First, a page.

A novel and rapid PCR-based method for genotyping human papillomaviruses in clinical samples

Joshua H. Nelson, Gregory A. Hawkins, Karin Edlund, Magnus Evander, Lennart Kjellberg, Göran Wadell, Joakim Dillner, Tsilya Gerasimova, Ann L. Coker, Lucia Pirisi, Daniel Petereit, Paul F. Lambert

Research output: Contribution to journalArticlepeer-review

39 Scopus citations


Many human papillomavirus (HPV) genotypes are associated with cervical carcinoma. We demonstrate the utility of an innovative technique for genotyping of HPV in cervical tissue samples. This method provides an accurate means of identification of the specific HPV genotypes present in clinical specimens. By using the MY09-MY11 and the GP5+-GP6+ consensus primer pairs, HPV sequences were amplified by nested PCR from DNA isolated from cervical smear samples. This led to the production of an approximately 140-bp PCR product from the L1 (major capsid) gene of any of the HPVs present in the sample. PCR was performed with a deoxynucleoside triphosphate mixture which resulted in the incorporation of deoxyuridine into the amplified DNA product at positions where deoxythymidine would normally be incorporated at a frequency of about once or twice per strand. Following the PCR, the product was treated with an enzyme mix that contains uracil N-glycosylase (UNG) and endonuclease IV. UNG removes the uracil base from the nucleotide, and endonuclease IV cleaves the phosphodiester bond at this newly formed abasic site, producing fragments of various sizes. By having end labeled one of the amplification primers, a DNA ladder which is analogous to a 'T-sequencing ladder' was produced upon electrophoresis of the products. By comparing this T-sequencing ladder to the known sequences of HPVs, the genotypes of unknown HPV isolates in samples were assigned. Data showing the utility of this technique for the rapid analysis of clinical samples are presented.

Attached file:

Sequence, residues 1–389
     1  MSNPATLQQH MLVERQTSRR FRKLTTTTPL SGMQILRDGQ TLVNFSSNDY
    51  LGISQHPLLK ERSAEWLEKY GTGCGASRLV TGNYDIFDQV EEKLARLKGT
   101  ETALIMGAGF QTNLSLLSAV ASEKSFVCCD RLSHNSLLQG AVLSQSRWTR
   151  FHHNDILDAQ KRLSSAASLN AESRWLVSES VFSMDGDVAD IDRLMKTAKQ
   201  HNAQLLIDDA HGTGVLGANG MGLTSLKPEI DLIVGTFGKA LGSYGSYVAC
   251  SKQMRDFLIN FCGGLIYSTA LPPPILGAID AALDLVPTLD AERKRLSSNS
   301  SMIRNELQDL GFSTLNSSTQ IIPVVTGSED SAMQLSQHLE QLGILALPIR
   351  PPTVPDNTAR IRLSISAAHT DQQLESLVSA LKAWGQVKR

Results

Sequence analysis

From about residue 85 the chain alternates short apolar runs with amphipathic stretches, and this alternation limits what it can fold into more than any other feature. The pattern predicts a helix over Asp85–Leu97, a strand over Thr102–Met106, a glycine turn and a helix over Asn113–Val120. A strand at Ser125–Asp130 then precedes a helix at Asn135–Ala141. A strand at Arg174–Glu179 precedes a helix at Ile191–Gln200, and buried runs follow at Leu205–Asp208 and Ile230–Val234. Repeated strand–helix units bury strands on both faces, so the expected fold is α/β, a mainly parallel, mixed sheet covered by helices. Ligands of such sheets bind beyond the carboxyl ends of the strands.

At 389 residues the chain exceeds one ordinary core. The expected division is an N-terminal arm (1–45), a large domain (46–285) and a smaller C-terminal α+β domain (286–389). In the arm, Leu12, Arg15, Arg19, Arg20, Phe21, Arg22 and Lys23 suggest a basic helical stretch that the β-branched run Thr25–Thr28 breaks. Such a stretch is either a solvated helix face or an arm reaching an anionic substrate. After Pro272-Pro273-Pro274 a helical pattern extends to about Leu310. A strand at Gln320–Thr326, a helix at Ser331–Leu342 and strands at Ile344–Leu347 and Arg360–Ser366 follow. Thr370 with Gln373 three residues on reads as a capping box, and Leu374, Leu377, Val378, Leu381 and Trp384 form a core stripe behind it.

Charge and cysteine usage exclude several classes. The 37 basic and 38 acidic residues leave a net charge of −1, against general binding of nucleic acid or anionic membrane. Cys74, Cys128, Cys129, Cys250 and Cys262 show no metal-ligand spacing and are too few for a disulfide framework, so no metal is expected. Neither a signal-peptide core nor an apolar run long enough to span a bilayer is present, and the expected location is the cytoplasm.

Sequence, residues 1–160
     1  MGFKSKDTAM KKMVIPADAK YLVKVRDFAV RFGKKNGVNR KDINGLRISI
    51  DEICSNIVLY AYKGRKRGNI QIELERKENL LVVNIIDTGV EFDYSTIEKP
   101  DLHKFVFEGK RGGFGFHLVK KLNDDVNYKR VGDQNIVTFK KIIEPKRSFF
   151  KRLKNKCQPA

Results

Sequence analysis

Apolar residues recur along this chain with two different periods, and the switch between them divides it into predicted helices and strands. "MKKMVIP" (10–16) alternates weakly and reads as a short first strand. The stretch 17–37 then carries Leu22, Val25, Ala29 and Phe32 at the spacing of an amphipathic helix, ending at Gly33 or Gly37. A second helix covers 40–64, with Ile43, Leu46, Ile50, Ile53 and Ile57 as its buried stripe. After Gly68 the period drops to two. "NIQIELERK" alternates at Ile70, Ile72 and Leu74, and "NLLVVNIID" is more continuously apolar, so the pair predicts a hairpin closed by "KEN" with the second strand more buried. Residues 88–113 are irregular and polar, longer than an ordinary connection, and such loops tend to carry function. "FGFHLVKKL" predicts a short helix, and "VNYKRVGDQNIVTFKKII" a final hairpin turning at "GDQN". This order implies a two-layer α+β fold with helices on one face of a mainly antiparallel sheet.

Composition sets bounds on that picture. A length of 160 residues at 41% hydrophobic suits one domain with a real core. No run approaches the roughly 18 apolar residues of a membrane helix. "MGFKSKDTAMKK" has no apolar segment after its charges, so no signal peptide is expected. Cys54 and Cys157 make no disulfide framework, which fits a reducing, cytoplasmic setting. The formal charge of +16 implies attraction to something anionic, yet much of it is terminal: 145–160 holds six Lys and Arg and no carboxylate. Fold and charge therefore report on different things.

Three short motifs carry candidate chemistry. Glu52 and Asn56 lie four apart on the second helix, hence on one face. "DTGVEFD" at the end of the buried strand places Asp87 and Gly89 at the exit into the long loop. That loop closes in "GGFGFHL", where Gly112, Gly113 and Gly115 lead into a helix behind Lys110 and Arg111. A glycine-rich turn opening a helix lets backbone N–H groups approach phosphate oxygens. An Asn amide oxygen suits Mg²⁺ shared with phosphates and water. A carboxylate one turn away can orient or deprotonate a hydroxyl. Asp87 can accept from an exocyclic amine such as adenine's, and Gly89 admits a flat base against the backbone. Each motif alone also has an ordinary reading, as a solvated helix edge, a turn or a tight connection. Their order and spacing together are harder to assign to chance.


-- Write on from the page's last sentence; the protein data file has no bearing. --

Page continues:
Original languageEnglish
Pages (from-to)688-695
Number of pages8
JournalJournal of Clinical Microbiology
Issue number2
StatePublished - 2000

ASJC Scopus subject areas

  • Microbiology (medical)


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